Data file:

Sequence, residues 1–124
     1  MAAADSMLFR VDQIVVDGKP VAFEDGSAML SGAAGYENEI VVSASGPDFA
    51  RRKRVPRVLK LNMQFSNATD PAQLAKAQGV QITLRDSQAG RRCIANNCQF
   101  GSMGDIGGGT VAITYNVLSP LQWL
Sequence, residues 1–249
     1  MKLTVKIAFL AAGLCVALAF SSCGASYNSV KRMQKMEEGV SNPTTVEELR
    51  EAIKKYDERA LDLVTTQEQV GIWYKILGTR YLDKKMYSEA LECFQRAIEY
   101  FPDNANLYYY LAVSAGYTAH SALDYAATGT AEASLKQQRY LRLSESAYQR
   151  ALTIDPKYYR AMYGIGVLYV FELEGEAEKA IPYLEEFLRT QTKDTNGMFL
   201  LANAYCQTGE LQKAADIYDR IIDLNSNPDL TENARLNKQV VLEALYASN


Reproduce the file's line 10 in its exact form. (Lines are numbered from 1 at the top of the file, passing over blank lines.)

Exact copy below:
   201  LANAYCQTGE LQKAADIYDR IIDLNSNPDL TENARLNKQV VLEALYASN